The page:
If you omit or falsify information in the clearance process, the investigation will most likely reveal this, and the results can include a loss of the ability to obtain a clearance of any kind. This renders the subject basically unemployable by the agency requesting the investigation.
Security Clearances Are Offered As A Condition Of Employment
That means that you may only participate in the investigation/security clearance background check if you have been offered a job. Potential new hires do not get investigated in this way.
Security Clearance Checks On Family Members or Those Living With The Employee/Military Member
In certain cases, limited records checks may be performed on “a spouse or cohabitant of an individual being processed for a Top Secret level clearance”, with the authorization of the person being investigated. The U.S. Department Of State adds, “Additional investigations may be conducted when the spouse or cohabitant is a foreign national”.
Those applying for a security clearance where this may apply should know “cohabitation” is defined as “sharing a living unit, such as a house or apartment, on a frequent and regular basis, while employed by the Department, without regard to the nature of any interpersonal relationship or reason for sharing living quarters”.
For Those Who Are Denied A Security Clearance
Being denied a clearance can and does happen. New hires and those who are being re-investigated should know that there is an appeals process involved in these situations – don’t assume you have no recourse if you are faced with such a scenario.
What Can Cause A Denial Of A Security Clearance?
The U.S. Department of State official site lists the following reasons why an applicant may be denied a clearance; note that this is not a complete list;
A lack of candor in the investigation process;
Military members are subject to all the above but may also be evaluated on areas where the Uniform Code of Military Justice may have jurisdiction including domestic political activities, conduct that reflects poorly on the military or the Defense Department, etc.
The Three Security Clearance Levels Do Not “Travel” To Non-Government Employment
Many retired or separated military members or non-military family members wonder about job openings that describe having a security clearance as a plus, or even a requirement. In the case of a non-government job, this is likely a request to know what clearance level the applicant had in government service but federal security clearances themselves do not transfer to non-government jobs.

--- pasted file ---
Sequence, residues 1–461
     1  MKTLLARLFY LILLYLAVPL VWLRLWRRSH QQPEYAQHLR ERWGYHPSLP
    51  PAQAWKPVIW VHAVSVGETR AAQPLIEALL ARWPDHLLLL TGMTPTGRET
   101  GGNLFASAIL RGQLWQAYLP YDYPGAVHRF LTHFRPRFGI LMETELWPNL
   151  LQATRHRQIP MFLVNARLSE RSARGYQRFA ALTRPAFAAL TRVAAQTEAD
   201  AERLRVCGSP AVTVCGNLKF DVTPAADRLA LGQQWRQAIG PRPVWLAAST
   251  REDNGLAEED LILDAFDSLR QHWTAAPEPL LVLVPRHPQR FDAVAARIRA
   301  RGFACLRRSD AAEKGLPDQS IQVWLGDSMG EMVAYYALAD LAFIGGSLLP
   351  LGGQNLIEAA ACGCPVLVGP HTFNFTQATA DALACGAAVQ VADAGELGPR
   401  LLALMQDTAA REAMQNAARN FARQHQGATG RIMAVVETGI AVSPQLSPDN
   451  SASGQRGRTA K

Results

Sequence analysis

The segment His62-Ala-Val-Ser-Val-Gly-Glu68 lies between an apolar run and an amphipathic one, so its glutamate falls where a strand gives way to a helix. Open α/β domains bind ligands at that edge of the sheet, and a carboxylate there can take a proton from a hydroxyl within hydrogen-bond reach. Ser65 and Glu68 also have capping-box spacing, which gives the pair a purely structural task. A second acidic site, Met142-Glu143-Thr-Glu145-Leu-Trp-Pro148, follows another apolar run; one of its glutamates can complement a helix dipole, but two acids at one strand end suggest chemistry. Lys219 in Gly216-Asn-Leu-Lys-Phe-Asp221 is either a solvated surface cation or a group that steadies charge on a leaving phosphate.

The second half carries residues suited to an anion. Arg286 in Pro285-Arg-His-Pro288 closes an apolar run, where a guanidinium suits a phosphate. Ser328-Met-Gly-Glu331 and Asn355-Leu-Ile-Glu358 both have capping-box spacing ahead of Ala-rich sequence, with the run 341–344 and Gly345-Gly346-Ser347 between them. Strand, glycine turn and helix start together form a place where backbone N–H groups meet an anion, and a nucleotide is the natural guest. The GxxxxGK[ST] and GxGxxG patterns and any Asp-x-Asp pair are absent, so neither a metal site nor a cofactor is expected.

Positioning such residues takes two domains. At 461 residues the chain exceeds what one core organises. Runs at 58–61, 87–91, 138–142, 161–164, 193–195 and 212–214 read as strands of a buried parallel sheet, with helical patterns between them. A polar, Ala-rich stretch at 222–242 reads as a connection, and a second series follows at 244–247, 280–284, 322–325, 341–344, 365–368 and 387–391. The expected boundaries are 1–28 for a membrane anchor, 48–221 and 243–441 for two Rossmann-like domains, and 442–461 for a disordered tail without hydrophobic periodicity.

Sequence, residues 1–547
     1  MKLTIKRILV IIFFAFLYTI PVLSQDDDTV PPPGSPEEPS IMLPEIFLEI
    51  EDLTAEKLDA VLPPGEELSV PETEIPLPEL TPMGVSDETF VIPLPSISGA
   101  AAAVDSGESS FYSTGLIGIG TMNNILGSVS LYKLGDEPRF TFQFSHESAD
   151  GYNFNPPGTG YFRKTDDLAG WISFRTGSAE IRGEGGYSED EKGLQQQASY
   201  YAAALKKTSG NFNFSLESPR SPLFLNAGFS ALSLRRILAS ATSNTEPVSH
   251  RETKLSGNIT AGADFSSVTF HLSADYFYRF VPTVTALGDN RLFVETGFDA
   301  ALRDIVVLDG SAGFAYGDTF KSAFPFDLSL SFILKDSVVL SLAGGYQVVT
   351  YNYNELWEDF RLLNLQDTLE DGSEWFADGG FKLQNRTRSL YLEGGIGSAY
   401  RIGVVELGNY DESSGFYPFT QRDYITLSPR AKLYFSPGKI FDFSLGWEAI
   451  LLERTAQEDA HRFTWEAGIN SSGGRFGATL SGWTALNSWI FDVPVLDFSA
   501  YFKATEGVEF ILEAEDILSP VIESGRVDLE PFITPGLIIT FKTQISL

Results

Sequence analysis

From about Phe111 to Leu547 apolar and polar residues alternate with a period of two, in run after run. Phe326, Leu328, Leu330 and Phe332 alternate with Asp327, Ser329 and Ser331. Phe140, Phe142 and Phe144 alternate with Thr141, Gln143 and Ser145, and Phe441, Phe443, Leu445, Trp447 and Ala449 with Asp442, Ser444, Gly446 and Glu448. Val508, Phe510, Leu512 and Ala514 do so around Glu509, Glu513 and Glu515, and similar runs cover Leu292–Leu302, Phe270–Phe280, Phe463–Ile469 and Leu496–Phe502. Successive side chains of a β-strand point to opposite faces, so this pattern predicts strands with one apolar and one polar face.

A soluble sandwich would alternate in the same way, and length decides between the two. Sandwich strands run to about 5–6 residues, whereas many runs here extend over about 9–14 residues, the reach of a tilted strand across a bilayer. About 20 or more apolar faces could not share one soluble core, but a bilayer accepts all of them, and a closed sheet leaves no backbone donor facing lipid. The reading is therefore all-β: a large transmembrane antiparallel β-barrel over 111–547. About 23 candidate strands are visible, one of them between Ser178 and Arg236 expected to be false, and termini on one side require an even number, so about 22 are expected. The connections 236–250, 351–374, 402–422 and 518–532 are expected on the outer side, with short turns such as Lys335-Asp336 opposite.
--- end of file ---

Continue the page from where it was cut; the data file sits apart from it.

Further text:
This means that your clearance may give you an advantage in hiring as a trusted member of the military or as a government employee, but your Confidential, Secret, or Top Secret clearance does not allow you to utilize such clearances in the private sector. They are not applicable.
That does not mean that a future employer doesn’t have their own set of clearances or levels of “classified” information, but it does mean that any such designation in the private sector has no association at all with government service, or access to classified government data.
Security Clearances May Travel Between Government Jobs Or Military Assignments
In general, the ability to use an existing clearance in another federal or military job is dependent on the rules of the gaining and losing agencies, and whether the employee is due for a re-investigation after a certain period of time; five years is not uncommon, but some employees who have left federal service and are returning may be re-investigated on different time frames.
Clearance Expiration After Leaving Government Service
In general, The Department of State will re-validate a security clearance if there has been a gap in federal service for less than two years. Military members who retire or separate may face different requirements than federal employees depending on circumstances, mission requirements, and other factors.
Joe Wallace is a 13-year veteran of the United States Air Force and a former reporter for Air Force Television News